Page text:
Sorry to add another answer but none of the answers here are very satisfactory. This answer is specific to MongoDB (as opposed to the vast array of other data storage options out there which are not relational databases).
Update (July 2020)
Every now and then this answer gets a vote and I get a pang of guilt because I've felt for a while it has grown into a stale answer. For one thing, MongoDB supports multi-document transactions now which throws into question a fair number of the points I've brought up. I haven't used it for performance in depth since they added these transactions so I cannot comment on that.
Furthermore, I have recently been working with unstructured data and the schemaless property of MongoDB has been more of a benefit than the below answer might suggest. For example, I am working with test result data generated by a testing & execution solution. The test cases themselves (and thus the different result columns) are created by the end user. MongoDB allowed me to store the free-form test results, in a way that is searchable, without needing a strict schema. I will re-emphasize my point on migration though. Every time the users make a change to their test cases the tools they are using to analyze their results also has to change.
As an alternative, SQL based storage engines have strengthened support for free-form columns such as Postgres' JSONB data type or MySQL's JSON data type.
Take Away: Today, the differences between mongodb and an SQL database feel more and more like the differences between Java & C# or maybe Node & Java. Both have their zealots that will feel the decision is obvious. They both obviously do things differently under the hood. However, at the end of the day its hard to declare either one superior or even to identify broad situations that favor either one.
If you are struggling to make this choice then pick the one that most appeals to you. Keep in mind that any data solution is likely to need to be revisited and rewritten continuously as your application scales up. By then you will understand your storage needs more and will likely be looking for a very tailored critical section / use case.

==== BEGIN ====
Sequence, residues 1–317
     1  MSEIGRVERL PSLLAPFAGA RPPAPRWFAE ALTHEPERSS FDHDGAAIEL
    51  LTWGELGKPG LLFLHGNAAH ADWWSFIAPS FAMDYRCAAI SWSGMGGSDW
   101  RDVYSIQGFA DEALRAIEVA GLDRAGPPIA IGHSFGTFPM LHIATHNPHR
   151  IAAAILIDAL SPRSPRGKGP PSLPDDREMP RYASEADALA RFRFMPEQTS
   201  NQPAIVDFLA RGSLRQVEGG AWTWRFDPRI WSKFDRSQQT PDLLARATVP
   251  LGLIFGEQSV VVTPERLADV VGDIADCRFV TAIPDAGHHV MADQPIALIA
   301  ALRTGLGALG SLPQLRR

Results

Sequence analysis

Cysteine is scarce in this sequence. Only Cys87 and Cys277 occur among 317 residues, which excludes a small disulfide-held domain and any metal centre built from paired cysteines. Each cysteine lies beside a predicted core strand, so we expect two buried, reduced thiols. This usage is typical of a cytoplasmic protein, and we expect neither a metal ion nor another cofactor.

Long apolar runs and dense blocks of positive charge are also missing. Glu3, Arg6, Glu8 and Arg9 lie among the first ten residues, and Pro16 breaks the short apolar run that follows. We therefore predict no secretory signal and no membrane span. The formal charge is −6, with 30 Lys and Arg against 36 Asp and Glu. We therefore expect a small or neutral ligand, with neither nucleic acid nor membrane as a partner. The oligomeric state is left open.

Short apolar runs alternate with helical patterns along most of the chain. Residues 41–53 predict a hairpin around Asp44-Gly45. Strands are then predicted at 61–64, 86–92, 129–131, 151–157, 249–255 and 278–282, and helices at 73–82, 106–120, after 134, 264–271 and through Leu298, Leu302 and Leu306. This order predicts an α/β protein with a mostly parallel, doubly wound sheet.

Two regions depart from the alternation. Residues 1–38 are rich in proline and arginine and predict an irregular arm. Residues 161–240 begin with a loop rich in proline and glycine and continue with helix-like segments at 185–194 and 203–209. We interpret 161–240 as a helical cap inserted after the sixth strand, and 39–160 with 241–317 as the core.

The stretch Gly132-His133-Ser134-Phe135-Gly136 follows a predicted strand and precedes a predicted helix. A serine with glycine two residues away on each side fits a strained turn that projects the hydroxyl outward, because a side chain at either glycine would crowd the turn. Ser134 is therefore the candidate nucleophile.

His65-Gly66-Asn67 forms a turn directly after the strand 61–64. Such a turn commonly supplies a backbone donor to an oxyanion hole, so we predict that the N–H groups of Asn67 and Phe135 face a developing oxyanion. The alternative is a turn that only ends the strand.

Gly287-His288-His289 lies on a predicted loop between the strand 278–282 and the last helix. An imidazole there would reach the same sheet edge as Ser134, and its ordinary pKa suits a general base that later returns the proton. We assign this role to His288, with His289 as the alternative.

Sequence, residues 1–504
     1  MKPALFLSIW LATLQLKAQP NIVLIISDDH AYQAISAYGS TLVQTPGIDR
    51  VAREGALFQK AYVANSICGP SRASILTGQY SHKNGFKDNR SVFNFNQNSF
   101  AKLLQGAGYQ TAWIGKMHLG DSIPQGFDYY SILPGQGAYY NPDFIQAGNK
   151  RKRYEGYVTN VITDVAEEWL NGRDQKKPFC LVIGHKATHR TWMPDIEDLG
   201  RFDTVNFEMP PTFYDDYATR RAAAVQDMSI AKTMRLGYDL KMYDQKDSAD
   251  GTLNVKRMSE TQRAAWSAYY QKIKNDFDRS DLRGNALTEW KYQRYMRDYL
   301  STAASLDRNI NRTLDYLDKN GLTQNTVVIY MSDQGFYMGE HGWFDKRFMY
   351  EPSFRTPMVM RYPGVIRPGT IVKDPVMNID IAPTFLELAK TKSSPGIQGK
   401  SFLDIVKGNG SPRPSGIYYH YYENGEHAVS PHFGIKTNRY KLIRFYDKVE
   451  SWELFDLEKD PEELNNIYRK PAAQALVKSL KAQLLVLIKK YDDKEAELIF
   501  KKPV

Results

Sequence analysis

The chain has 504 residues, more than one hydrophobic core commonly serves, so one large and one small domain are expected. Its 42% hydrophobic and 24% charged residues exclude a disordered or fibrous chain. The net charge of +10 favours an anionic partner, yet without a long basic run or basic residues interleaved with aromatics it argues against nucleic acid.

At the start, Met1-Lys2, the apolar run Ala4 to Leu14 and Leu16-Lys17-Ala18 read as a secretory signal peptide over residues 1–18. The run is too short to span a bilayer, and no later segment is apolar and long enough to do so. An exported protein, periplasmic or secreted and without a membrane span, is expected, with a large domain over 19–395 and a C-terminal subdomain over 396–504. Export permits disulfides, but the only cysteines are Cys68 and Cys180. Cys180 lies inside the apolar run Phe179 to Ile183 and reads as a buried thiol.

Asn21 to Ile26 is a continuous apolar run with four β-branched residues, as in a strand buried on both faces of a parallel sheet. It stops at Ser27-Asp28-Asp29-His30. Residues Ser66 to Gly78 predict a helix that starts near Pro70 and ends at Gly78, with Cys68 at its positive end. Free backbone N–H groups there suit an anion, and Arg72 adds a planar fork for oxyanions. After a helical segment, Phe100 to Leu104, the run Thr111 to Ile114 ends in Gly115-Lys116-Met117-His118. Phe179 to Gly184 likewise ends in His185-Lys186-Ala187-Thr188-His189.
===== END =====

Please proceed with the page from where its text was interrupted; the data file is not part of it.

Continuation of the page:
- MongoDB has a lower latency per query & spends less CPU time per query because it is doing a lot less work (e.g. no joins, transactions). As a result, it can handle a higher load in terms of queries per second and is thus often used if you have a massive # of users.
- MongoDB is easier to shard (use in a cluster) because it doesn't have to worry about transactions and consistency.
- MongoDB has a faster write speed because it does not have to worry about transactions or rollbacks (and thus does not have to worry about locking).
- MongoDB does not have a schema in case you have a special use case that can take advantage of that.
- MongoDB does not support transactions. This is how it obtains most of its benefits.
- In general, MongoDB creates more work (e.g. more CPU cost) for the client server. For example, to join data one has to issue multiple queries and do the join on the client.
- Even here in 2017 there is less tooling support for MongoDB than there is for relational databases simply because it is newer. There are also fewer MongoDB experts than their relational counterparts.
Points Often Misunderstood:
- Both MongoDB and relational databases support indexing. Their query performance is similar in terms of executing large queries.
- MongoDB does not remove the need for migrations or more specifically, updating your existing data as your schema evolves. For example: If you have an application that relies on a users table to contain certain data, and you modify that table to contain different data (let's say you add a profile picture field), then you will still need to either:
- Write you application to handle objects for which this property is undefined OR
- Write a one-time migration to put in a default value for this property OR
- Write code to provide a default value at query time if this field is not present OR
- Handle the missing field in some other way